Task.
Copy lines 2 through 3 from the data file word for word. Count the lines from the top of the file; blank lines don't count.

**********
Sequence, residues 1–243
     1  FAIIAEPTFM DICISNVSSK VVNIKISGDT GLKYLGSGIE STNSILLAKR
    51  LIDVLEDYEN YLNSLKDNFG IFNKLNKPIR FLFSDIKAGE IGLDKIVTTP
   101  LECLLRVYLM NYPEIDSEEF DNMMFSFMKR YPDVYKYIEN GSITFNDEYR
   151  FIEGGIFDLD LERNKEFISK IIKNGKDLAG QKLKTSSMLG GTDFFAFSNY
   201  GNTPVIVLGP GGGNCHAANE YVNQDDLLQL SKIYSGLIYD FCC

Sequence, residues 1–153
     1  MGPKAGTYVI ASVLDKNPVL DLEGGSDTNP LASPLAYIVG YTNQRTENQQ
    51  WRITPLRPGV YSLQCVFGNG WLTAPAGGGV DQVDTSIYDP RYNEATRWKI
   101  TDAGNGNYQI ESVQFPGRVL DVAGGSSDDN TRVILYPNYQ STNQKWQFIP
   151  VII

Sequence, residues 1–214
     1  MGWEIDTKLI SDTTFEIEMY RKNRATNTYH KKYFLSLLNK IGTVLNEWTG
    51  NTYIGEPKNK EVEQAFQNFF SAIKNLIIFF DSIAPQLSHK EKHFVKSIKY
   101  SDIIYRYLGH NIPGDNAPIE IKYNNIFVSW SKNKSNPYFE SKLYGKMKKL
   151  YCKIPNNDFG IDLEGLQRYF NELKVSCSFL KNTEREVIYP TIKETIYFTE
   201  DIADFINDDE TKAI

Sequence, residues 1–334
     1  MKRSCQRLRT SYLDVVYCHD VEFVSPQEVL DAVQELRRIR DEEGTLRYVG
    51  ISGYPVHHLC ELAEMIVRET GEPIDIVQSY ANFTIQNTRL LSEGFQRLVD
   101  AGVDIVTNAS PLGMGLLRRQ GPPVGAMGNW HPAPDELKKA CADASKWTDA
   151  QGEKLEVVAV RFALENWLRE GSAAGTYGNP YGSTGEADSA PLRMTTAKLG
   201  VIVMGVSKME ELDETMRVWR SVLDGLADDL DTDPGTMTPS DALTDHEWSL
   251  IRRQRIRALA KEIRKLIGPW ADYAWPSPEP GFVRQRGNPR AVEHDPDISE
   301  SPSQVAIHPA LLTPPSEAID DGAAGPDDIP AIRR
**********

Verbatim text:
     1  FAIIAEPTFM DICISNVSSK VVNIKISGDT GLKYLGSGIE STNSILLAKR
    51  LIDVLEDYEN YLNSLKDNFG IFNKLNKPIR FLFSDIKAGE IGLDKIVTTP